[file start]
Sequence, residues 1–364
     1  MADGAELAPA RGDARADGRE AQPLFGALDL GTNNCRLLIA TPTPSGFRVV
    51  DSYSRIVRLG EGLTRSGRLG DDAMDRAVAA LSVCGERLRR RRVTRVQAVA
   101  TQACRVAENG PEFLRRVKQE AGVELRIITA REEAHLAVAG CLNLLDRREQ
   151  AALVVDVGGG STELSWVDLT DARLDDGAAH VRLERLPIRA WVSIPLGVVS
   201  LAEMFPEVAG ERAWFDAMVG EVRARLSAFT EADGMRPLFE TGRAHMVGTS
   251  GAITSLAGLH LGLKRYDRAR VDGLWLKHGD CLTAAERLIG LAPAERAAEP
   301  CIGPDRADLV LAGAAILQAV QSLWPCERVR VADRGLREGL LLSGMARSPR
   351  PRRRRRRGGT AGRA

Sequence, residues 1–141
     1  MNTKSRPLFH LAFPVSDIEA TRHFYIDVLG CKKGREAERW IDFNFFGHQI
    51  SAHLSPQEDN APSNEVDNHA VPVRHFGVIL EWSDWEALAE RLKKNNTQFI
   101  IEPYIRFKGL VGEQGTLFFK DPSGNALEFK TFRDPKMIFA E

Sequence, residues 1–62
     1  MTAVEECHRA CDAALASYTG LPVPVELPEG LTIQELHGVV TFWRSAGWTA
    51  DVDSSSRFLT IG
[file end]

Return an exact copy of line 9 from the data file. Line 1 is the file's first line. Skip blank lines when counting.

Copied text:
   351  PRRRRRRGGT AGRA